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ICO continues to bare teeth over data rights infringements

Posted on 28 September 2022

When John Edwards assumed the role of Information Commissioner in January 2021 some drew conclusions from his early speeches that he might take a light touch approach to enforcement. He certainly indicated that issuing fines was not necessarily his priority, saying "[they] are a slow way to find certainty. Each one takes a great deal of time and resource to put a single stake in the ground".

Since then, however, there have been a number of notable actions taken by the Information Commissioner's Office (ICO), including moves that illustrate that monetary penalties are not the only tool in the ICO's box.

The latest example is the announcement on 28 September of seven reprimands (a statutory enforcement action under Article 58 UK GDPR) mostly to large public sector organisations, for serious and consistent failure to respond in a timely and compliant way to data subject access requests.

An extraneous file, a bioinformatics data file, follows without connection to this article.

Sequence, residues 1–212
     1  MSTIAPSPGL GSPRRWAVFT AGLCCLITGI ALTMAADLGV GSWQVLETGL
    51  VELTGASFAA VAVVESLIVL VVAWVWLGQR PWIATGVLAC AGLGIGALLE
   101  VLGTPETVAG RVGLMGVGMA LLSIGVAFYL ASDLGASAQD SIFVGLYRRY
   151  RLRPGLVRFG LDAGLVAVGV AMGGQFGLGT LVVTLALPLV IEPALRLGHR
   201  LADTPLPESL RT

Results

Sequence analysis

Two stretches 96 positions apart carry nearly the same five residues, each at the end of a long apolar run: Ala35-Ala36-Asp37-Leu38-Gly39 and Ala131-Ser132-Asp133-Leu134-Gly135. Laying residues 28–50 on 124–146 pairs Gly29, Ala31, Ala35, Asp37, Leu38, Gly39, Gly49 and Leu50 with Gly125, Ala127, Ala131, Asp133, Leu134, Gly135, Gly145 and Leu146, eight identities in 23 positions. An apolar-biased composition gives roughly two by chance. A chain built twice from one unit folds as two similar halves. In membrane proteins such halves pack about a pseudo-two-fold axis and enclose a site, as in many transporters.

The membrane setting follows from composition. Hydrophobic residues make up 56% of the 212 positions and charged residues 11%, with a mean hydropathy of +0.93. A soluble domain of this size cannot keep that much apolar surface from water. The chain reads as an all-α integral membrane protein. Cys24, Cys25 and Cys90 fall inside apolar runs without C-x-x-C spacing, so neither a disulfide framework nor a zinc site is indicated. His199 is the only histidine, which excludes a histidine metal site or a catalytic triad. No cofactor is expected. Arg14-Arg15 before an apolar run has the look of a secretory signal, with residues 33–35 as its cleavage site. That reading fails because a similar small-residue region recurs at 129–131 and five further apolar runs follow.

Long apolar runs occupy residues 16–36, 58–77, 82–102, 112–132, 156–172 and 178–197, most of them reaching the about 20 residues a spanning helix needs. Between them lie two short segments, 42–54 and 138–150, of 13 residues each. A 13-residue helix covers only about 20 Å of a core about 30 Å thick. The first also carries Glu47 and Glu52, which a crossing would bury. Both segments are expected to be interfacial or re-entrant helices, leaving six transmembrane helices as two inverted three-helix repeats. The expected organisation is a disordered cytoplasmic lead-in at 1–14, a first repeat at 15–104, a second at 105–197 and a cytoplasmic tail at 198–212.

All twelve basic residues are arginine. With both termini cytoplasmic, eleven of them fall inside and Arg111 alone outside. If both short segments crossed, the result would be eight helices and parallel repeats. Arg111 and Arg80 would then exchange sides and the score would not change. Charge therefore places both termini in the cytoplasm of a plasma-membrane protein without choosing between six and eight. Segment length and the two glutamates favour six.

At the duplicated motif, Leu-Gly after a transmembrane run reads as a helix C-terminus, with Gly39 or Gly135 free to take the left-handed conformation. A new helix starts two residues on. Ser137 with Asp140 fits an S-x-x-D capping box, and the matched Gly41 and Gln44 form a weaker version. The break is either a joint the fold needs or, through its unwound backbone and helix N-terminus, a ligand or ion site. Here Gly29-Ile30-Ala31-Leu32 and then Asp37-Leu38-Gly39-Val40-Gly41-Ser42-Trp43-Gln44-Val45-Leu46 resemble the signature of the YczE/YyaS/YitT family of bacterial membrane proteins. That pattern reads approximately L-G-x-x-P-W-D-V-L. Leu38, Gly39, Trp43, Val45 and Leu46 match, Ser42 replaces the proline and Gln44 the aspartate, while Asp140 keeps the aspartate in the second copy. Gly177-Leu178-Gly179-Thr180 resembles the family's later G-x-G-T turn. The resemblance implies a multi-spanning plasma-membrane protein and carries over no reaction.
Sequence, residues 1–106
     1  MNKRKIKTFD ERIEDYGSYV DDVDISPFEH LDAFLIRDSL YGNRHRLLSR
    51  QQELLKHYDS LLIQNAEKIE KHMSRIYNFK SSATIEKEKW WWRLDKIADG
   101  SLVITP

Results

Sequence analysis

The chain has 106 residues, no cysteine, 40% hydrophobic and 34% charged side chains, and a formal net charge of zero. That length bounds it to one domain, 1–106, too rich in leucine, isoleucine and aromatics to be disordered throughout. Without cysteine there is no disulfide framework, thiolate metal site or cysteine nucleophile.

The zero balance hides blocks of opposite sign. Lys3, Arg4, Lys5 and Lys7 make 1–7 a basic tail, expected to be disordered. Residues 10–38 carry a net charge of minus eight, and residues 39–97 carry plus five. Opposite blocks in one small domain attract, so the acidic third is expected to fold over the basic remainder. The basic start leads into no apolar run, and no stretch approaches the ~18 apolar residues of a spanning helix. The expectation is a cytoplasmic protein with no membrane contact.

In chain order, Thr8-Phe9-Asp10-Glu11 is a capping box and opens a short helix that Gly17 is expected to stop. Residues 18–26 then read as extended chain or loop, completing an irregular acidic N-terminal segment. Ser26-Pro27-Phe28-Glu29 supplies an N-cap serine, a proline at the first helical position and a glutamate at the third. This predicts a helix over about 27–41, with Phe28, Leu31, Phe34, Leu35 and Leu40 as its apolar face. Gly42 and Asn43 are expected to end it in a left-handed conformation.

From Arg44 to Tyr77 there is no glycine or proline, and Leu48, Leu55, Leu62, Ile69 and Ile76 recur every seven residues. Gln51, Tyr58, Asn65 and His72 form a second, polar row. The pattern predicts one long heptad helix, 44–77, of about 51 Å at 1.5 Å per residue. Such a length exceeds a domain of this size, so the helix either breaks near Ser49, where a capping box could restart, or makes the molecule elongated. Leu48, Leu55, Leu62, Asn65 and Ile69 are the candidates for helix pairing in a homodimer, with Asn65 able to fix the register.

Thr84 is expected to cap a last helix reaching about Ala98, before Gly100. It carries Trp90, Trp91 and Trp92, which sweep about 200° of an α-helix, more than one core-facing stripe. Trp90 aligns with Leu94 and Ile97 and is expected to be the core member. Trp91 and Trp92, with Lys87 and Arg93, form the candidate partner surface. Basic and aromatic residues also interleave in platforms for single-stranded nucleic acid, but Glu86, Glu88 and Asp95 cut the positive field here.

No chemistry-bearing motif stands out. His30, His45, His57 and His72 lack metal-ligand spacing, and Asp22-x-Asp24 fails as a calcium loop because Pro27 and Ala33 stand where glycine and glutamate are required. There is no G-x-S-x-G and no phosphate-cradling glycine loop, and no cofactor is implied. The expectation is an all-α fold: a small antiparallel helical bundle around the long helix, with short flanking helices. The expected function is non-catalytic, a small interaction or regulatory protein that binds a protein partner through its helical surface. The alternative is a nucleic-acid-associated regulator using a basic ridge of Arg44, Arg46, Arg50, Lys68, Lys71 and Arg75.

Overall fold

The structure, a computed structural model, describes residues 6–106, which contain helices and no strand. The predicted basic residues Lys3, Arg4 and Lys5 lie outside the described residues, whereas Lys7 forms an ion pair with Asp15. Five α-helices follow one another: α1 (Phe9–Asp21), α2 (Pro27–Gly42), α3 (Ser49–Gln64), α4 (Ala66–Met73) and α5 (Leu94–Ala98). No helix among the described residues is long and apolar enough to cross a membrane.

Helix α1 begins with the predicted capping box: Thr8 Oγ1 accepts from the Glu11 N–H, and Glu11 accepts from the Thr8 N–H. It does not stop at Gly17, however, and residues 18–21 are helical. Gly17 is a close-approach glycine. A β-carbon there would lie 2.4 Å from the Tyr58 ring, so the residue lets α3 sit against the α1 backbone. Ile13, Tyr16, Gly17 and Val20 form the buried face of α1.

Although there are no direct punitive sanctions resulting from the reprimands, they are accompanied by requirements to make improvements and thus are potentially a precursor to stricter action.

The lack of serious enforcement by the ICO has drawn criticism over recent years. An access request by a data subject is an expression of a fundamental right – it requires, ordinarily, a response within one month, yet some of the examples given by the ICO in its announcement indicate serious disregard for this right:

In relation to an asylum application involving a child, a complainant said “All we need is the asylum transcript so we can submit a humanitarian application. However, we can do nothing without those transcripts. I have chased this matter for seven months and have received nothing. My client's child is constantly at risk so long as he stays in the home country.”

“In January I made an SAR. In March I received written confirmation that stated the SAR was in progress. However, I still have not received the information.” Having been told that the delay could affect the complainants credit score, they continued “I feel powerless in this and have been adversely affected by the stress it has caused.”

Mishcon de Reya recently acted in a similar matter on a pro bono basis for journalist John Pring, in his efforts over two years to secure a response to his subject access request to the Department for Work and Pensions. He resorted to seeking legal support after the ICO at that time said it couldn't help.

The ICO's revived focus on the importance of compliance with the fundamental principles of data protection law will hopefully mean data subjects can have confidence that their rights will be respected and, where necessary, enforced.

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